SECRETARY BLINKEN: First, Jorge, when it comes to Mexico, we’ve had and I’ve had extensive conversations with my friend and counterpart Marcelo Ebrard. The President is very much looking forward to receiving President López Obrador at the White House in July. We have a very deep and ongoing collaboration on virtually all the issues that concern both our countries. We have a difference of opinion on this particular question of attendance at the summit. Typically, the hosts make those decisions. We decided that it was important to focus on the underlying democratic principles that bring our hemisphere together. Back in 2001 at the Summit of the Americas, that gave rise to the Democratic Charter, and we want to make sure that countries continue to look to those principles.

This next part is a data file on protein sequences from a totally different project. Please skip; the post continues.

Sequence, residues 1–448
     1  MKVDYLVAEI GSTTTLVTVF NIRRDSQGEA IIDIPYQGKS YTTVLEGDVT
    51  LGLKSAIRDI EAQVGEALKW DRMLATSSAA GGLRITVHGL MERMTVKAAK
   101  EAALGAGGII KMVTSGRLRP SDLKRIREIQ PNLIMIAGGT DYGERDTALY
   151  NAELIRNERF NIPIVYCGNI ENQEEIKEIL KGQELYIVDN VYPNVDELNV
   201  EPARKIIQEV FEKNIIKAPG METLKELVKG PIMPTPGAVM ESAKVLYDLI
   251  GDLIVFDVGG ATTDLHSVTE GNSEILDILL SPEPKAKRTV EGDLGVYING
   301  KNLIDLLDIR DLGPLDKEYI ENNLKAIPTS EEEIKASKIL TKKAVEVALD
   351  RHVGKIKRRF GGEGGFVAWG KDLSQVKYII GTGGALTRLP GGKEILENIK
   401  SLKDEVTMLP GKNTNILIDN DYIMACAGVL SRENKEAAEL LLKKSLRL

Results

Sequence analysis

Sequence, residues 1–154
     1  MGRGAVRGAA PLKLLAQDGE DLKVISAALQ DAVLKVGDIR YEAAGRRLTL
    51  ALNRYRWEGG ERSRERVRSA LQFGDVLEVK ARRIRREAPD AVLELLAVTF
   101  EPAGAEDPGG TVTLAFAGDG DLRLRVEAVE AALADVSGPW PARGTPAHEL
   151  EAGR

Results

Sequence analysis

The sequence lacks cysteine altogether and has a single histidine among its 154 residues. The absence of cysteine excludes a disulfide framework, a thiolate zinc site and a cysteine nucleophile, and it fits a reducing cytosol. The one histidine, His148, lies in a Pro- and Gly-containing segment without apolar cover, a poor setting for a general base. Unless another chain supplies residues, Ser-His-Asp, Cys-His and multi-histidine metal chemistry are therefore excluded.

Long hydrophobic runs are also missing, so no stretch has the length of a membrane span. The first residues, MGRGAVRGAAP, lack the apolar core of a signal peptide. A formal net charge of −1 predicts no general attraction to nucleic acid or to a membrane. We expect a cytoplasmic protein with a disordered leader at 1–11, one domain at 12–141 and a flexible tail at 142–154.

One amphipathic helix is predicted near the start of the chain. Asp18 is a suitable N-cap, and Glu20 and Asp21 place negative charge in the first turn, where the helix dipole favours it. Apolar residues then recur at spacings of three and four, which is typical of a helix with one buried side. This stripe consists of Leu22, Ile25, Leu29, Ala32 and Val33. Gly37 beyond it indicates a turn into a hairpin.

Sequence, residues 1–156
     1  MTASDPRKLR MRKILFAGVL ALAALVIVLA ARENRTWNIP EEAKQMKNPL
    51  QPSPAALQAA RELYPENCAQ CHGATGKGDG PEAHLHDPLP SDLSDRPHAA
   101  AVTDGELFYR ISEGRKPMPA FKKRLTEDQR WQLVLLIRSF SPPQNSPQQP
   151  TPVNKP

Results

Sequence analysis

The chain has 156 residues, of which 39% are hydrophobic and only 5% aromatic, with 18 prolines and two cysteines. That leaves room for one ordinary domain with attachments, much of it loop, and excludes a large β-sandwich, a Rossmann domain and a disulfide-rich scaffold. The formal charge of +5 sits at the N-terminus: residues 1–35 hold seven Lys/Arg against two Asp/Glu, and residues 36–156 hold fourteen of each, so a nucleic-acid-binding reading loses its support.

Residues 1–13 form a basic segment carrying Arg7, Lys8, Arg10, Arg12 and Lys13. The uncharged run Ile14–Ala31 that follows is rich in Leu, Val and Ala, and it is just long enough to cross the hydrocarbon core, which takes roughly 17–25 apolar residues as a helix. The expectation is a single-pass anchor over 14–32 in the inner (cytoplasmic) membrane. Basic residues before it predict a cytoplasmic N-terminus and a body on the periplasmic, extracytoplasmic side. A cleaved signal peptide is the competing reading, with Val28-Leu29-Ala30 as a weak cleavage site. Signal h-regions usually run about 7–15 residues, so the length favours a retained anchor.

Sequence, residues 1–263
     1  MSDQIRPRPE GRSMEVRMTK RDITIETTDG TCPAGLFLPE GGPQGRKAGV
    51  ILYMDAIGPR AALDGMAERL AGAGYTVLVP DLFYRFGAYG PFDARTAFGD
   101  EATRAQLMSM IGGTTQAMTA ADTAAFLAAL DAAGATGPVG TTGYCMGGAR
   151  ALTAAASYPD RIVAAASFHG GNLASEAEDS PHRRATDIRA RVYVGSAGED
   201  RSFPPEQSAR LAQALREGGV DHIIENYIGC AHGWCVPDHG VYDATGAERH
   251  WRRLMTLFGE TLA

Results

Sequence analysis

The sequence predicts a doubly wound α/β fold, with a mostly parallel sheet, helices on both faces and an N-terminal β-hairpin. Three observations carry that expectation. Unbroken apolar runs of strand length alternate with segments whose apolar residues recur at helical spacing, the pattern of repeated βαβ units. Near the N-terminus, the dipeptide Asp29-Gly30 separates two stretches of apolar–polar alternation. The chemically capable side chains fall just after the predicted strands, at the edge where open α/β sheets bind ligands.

But we’re seeing – we have – there’s an incredibly vibrant hemisphere. We have democracies of the left, of the right, center, but here is the common denominator: All of these governments are motivated by a need to demonstrate that they can deliver effectively for their people. And I think there is a growing consciousness that most of the problems that we face and challenges we face and opportunities we face on COVID, on climate, on managing technology, which is defining so many of our lives, on dealing with migration, we have to tackle them together if we want to get results. And that’s the spirit that I’m finding animates these conversations.